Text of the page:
A charge of cruelty was brought against an under teacher of the institution for punishing severely two boys who had been guilty of a serious misdemeanor, and Mr. Cadle sensitively appreciative of the criticism that might include him as head of the institution, resigned after four years of almost insupportable labor and anxiety. In 1842 it was decided by the board of missions to discontinue it as a mission school.

A petition was presented at the special session of the legislative council of Michigan in which it was set forth that:

"Whereas the Foreign and Domestic Missionary Society of the Protestant Episcopal church in the United States of America heretofore established a Mission School at Green Bay in the County of Brown and Territory of Wisconsin, for the education of Indian children, and in the establishment and prosecution of said Mission School the said Society has erected extensive buildings, and two school houses at great expense, which said mission and schools are now in active and successful operation * * * and whereas the wise policy of the United States in colonizing the Indians will in time remove them from this vicinity, and suspend the operations of this society, it is proposed to give to the citizens of Wisconsin, and others, the benefits and privileges of the said institution for the purpose of establishing a Seminary of Learning.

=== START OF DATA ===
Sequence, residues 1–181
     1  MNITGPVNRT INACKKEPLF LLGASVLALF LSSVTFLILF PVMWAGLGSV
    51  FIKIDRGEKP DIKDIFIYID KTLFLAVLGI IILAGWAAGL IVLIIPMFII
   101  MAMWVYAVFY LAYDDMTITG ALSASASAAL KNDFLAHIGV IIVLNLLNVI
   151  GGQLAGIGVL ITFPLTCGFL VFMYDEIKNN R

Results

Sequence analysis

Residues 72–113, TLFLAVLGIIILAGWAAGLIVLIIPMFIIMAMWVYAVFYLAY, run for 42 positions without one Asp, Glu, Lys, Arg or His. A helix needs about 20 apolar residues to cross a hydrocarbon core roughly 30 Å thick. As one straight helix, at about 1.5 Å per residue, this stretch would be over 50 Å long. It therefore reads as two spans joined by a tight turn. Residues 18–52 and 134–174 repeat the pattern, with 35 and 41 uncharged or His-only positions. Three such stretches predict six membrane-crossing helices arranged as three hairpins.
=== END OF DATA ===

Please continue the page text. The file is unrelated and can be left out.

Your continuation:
"Therefore be it enacted by the Council and House of Representatives that there be erected and established * * * a college for the purpose of educating youth, the style, name and title of which shall be, the Wisconsin University of Green Bay."

The university did not attract patronage sufficient to meet expenses, and about the year 1842 was closed.

On May 1, 1831, the zealous missionary Rev. Samuel Mazzuchelli came to Menomineeville, which was his headquarters during, the six months following. A month later subscriptions were solicited for an Indian school, to be in connection with the church then being built. The subscription reads: "Considering the advantages of a Roman Catholic Indian free school at Green Bay, in favour of that portion of our fellow Beings in the settlement.